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  1. #4321
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    Quote Originally Posted by CP_414 View Post
    Lol. How do you still not get it?

    The surplus value the Cubs gave up is Darvish. We are evaluating his signing here not his trade. I didnít say the Cubs trade return was a home run. Iím agreeing with 1908 that his signing was a home run. I think the trade return is better than you seem to think it is, but this conversation is about his free agent signing with the Cubs in 2018.

    The Padres took on the Darvish money (other than $3 million) AND they gave up value on top of the money relief because Darvish is worth more money than Darvish is owed on his contract. He has surplus value on the contract the Cubs signed him to in 2018, so (hereís the big conclusion) the contract was good because Darvish is more valuable than the contract.

    Good lord. Thatís it for me.
    You dont get it.

    I've already addressed the FA signing. He was worth less on the field than he was paid on the Cubs. AKA not a homerun. I don't care what he becomes on the Padres. He could crash and burn and blow out his arm or he could be a bonified ace for the rest of his career. It's irrelevant to what he did with his time on the Cubs.

    With regards to the trade, the contracts are already taken into account with surplus value. The Padres evaluated the price of Darvish+Caratini+$3M in cash at half of its worth and the Cubs accepted. Thats not a homerun for the Cubs. Get a clue.

    The Cubs didn't hit a homerun with Darvish as a member of the team and they certainly didn't hit a homerun in trade value, they sold high and returned low.

    It's probably best you back out of this one.

    Beyond the obvious salary dump involved in the Darvish trade, there is also the very real possibility of GM's not evaluating Darvish as well as the models currently suggest he is. We are only talking about a 25 start stretch for a pitcher that everyone knows has had ace potential since he entered the league and has also shown that potential for periods of time in the past. However, he has also shown to be wildly inconsistent and prone to injury. He has been in the league for 8 years and only finished 4 complete seasons while missing one season completely, not counting last year.
    Last edited by cuzi; 02-17-2021 at 03:18 AM.

  2. #4322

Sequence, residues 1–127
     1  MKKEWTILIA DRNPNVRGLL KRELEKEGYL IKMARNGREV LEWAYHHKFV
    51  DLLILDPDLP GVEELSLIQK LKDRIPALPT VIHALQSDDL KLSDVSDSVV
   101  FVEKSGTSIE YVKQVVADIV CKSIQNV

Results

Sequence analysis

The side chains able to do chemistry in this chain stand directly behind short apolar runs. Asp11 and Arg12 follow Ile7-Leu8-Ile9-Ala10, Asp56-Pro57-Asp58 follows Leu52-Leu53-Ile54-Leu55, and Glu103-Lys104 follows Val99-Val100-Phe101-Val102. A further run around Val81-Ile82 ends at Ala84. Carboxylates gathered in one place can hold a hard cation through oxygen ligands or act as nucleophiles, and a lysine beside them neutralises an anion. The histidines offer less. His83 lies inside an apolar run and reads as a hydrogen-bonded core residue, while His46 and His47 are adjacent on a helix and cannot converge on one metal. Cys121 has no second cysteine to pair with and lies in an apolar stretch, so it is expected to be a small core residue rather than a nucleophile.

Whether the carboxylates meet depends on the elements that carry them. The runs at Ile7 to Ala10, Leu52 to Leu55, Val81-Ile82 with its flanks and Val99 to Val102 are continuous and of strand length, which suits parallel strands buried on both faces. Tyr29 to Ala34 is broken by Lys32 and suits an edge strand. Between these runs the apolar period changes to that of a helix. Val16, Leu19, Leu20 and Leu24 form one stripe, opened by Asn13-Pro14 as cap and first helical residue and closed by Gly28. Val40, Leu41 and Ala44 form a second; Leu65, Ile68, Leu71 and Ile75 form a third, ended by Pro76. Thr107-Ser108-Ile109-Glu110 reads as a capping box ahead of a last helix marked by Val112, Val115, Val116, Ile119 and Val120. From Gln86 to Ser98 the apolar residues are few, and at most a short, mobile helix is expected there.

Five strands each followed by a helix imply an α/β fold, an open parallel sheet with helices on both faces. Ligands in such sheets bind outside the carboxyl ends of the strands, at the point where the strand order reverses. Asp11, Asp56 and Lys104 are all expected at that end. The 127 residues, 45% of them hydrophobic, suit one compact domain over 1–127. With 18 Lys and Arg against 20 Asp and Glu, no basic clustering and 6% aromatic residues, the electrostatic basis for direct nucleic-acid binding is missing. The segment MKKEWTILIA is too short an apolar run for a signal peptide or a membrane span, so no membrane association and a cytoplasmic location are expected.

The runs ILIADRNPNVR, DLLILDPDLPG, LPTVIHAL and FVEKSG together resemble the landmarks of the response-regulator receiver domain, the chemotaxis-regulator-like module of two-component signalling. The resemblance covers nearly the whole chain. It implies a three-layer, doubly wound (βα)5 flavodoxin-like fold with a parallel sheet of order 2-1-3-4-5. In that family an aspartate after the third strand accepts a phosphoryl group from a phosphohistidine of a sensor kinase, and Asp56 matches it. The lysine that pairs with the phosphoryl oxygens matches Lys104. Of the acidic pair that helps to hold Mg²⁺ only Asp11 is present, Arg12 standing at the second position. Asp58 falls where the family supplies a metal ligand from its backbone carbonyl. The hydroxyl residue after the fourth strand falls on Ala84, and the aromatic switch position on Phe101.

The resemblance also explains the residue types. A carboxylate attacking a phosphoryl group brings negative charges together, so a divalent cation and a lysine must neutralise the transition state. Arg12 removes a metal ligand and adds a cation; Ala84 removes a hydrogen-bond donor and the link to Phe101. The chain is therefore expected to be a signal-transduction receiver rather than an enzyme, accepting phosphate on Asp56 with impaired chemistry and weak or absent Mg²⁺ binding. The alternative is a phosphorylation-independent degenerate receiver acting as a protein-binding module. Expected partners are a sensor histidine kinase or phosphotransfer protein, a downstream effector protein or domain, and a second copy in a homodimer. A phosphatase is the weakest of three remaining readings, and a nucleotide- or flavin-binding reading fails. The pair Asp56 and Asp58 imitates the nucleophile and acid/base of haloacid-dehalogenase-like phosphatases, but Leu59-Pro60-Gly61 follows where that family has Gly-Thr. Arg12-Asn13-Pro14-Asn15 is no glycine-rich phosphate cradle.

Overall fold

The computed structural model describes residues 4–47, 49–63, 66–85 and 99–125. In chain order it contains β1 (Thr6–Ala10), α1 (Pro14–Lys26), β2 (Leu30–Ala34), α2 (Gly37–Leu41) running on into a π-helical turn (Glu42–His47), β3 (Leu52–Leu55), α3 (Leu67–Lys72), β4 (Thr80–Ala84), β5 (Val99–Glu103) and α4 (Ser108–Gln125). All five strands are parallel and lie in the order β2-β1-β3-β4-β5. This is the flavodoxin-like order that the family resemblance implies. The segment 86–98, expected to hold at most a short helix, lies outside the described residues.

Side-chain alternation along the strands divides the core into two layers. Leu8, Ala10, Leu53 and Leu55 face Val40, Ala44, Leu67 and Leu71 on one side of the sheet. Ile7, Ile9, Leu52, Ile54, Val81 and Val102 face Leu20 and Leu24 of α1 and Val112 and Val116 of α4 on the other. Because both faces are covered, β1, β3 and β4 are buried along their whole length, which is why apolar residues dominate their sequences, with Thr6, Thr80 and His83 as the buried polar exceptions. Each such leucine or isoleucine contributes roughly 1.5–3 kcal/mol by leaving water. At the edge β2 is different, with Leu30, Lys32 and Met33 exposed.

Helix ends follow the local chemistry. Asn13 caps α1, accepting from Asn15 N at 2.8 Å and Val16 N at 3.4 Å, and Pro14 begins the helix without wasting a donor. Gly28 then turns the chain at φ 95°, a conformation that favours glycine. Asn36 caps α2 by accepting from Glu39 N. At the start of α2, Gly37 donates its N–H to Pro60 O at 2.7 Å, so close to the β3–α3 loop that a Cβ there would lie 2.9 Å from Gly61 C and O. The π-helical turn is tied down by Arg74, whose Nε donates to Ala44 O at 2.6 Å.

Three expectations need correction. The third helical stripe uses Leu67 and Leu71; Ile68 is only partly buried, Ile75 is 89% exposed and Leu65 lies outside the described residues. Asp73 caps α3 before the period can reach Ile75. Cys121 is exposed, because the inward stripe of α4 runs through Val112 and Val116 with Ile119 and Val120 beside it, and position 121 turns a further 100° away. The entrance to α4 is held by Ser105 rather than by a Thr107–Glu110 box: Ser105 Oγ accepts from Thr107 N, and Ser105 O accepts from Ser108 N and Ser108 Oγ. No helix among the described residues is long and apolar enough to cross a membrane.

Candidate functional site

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    Cuzi, you're not factoring surplus value correctly for Yu Darvish, and this is the root of the issue when valuing what his surplus value is. I was only talking about the signing, so this is where we should be focusing. The trade return has little to do with what Darvish is signed for, and what Theo signed him for in 2018. The Cubs could have gotten back a trained poodle and a BOGO Big Mac Coupon and his surplus value would remain the same. But, if we want to factor that in, too, then you're also valuing the surplus value of the prospects the Cubs got back incorrectly.

    First, let's look at what the Cubs paid vs what they got. You are correct, the Cubs spent roughly $53m on Yu Darvish for 3 years. They got 5.7 fWAR back. The issue is you are underselling the price of a pitching win on the market at $8m. I used $8m as a hard and fast number for Heyward, but Heyward was a position played signed in 2015. By 2018, that win was $9.3m (source). I'm also using the "adjusted mark" as I think with the change to the QO, we should be factoring this in; it's apart of the FA market to determine to either accept or decline (and teams are factoring in getting or losing picks as well). So the result is the Cubs in 2018 paid for 5.8 fWAR. Darvish was worth 5.7 fWAR. It's a wash. Factor in that Darvish was easily outpacing his 2020 salary, that the Cubs almost assuredly got insurance money for his missed 2018, and that fractional fWAR are stupid to bicker over, it's a wash. The Cubs gained nothing, and lost nothing monetarily for an open market deal. They literally hit equilibrium, and this with a lost season.